When a Child is Diagnosed with a Mild Disability: 5 Steps for Parent

Written by: Melanie Arons

The first time I ever spoke to parents about parenting a child diagnosed with a mild disability, I was in my internship year working towards my master’s degree in family counseling.

I created an educational support group for parents and had about eight women and one man signed-up to attend.  Before our first group session, I watched as each parent came into the large conference room. It was obvious from the minute the father stepped into the room that he was very uncomfortable. I could tell that he did not want to be there and was probably being dragged there by his wife. Each    group member was asked to introduce themselves and say what they hoped to learn from this group. The father went last. When it was his turn, he looked me straight in the eye and said there is nothing he would get out being a part of this group. He said that if he wanted to learn about his son’s disability, he would ask his son’s special education teacher.

I simply stated that he was in luck because I too am a special education teacher. He then said that if he wanted to understand what his son is going through, he would ask his son. I told him that although every experience is unique, I was diagnosed with a learning disability in first grade. He then said that if he wanted to know about parenting, he would ask another parent. I smiled and stated that I am also a parent. Finally, the man gave me a smile and said “Okay, I guess I could learn something from you.”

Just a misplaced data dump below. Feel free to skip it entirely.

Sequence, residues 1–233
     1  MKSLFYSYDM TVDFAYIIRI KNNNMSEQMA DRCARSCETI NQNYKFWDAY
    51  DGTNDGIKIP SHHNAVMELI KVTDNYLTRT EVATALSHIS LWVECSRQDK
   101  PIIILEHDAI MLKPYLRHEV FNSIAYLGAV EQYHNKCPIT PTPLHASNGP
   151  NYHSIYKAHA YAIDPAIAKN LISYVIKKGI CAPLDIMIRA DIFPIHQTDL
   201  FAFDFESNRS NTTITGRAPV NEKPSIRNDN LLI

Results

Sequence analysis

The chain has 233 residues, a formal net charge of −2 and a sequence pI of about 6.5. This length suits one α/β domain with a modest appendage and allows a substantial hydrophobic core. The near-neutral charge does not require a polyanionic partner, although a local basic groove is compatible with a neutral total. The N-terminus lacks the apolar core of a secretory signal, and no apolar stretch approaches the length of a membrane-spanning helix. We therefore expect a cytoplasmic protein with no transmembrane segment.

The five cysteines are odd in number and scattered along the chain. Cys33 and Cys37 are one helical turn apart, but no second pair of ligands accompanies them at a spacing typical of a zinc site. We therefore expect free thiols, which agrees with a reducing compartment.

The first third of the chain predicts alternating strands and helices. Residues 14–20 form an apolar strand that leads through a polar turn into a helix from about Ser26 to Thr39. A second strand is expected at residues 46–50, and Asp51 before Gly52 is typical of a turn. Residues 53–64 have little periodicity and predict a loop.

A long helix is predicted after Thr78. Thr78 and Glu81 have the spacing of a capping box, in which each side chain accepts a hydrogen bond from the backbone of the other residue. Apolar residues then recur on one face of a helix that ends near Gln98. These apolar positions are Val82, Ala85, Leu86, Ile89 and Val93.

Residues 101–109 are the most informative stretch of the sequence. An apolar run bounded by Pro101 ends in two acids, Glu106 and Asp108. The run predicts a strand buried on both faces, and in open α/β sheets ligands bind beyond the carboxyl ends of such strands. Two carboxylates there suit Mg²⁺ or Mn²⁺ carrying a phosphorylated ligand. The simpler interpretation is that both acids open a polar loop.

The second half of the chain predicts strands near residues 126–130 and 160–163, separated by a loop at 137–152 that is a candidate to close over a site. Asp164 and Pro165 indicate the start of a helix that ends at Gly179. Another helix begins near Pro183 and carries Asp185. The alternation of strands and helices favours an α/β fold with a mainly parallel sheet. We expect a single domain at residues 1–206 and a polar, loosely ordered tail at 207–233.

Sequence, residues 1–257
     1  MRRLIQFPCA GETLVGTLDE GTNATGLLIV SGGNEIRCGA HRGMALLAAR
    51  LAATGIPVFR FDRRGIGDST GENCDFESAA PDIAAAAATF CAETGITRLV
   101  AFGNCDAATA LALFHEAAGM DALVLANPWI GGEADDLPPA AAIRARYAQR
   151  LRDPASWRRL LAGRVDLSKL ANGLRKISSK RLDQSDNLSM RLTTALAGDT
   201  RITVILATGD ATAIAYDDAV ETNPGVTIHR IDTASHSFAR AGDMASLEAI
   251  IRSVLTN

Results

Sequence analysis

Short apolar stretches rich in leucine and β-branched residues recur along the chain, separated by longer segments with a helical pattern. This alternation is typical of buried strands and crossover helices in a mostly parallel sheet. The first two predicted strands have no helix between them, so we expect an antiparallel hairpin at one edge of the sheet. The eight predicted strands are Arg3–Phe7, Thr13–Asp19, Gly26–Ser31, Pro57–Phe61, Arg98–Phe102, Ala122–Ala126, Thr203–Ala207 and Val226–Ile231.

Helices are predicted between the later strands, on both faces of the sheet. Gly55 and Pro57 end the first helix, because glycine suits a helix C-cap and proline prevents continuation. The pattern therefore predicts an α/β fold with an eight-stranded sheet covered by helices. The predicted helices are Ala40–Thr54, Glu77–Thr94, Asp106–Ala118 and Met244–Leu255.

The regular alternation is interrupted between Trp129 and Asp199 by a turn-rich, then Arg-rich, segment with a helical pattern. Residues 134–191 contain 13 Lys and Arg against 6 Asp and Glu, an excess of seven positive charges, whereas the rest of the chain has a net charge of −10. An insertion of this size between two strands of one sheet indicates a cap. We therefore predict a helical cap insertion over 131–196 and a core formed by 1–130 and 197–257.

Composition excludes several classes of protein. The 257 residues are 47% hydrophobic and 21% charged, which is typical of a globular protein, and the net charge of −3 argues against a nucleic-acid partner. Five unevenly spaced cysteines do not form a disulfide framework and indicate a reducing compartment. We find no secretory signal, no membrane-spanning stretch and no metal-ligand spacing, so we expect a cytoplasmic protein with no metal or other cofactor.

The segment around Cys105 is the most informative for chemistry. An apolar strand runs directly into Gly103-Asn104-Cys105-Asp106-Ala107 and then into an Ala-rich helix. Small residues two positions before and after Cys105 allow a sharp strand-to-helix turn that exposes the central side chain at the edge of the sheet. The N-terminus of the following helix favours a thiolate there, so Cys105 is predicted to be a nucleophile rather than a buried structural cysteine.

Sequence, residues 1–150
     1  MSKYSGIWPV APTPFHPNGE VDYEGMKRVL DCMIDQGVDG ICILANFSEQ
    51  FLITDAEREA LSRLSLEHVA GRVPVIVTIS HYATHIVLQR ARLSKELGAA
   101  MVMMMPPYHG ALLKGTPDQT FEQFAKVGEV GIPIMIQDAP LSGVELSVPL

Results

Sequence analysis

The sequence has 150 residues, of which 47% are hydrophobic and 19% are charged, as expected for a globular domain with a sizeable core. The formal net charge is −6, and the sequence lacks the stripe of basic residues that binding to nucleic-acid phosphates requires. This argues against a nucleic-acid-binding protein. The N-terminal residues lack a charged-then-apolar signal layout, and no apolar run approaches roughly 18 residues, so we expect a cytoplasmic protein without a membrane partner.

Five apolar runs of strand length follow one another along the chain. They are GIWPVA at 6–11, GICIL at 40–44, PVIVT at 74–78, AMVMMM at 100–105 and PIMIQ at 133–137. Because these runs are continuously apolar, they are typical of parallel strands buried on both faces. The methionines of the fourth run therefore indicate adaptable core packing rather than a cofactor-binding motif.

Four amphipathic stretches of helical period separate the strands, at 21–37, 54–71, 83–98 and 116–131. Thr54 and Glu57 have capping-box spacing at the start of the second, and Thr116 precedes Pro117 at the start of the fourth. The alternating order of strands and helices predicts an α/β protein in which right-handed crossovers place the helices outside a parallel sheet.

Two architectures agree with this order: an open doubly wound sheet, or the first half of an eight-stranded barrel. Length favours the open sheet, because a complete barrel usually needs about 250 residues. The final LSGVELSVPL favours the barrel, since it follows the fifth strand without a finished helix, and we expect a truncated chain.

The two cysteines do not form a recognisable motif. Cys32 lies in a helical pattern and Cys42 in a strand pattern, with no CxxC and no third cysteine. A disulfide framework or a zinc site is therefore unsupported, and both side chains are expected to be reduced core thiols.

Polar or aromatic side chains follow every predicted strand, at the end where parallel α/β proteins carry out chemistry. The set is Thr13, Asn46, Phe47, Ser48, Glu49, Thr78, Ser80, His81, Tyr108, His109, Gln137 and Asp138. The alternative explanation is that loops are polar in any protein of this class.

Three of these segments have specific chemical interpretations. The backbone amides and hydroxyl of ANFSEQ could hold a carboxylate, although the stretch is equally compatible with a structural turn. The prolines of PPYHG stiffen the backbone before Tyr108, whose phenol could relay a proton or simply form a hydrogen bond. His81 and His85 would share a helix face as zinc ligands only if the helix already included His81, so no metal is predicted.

My hope is that by leading educational groups, doing seminars and teaching classes on parenting a child diagnosed with a mild disability, that every parent can learn something from me.

Here are the suggestions I present:

  1. Defining the Disability:  When parents understand the limitations and effect of the disability correctly, they can explain it to their child most appropriately.
  2. Advocating for your child: Parents who advocate for their child and make sure that all teachers and specialists understand their child’s needs, will insure best services for their child as well as model advocating to their child.
  3. Building Self-Esteem: It is important for children to understand that a disability can be a strength, everyone has struggles and that everyone is different so that having a disability doesn’t bring down their self-esteem.
  4. Coping and Grieving the Disability: Many times parents need to get past their original goals and hopes for their child and create new ones knowing that their child is going to have some limitations and/or struggles due to his or her diagnosis. Developing positive coping skills and taking care of themselves and not just their child, will help parents accept these changes and eventually be okay with them.
  5. Dealing with the “Why Me” factor: Many times children diagnosed with a disability become frustrated and want to know, “Why me?” Although parents cannot answer the question of why, parents can explain the disability without becoming emotional and staying positive. They can focus on their child’s strengths and help them to understand the ways that having a disability can make them stronger. Parents can also help their children to find healthy coping skills for dealing with their frustration. This will help children accept their diagnosis.

Melanie Arons, LCPC is a psychotherapist who works at Flourish Studios’ psychotherapy practice and is building her practice helping parents, children and families struggling with behavioral or learning difficulties. Melanie is also a mother and proud member of NPN. More information about Melanie can be found at www.icanflourish.comand can be contacted at Melanie@icanflourish.com or (312) 316-6362.

Posted on May 08, 2012 at 8:18 PM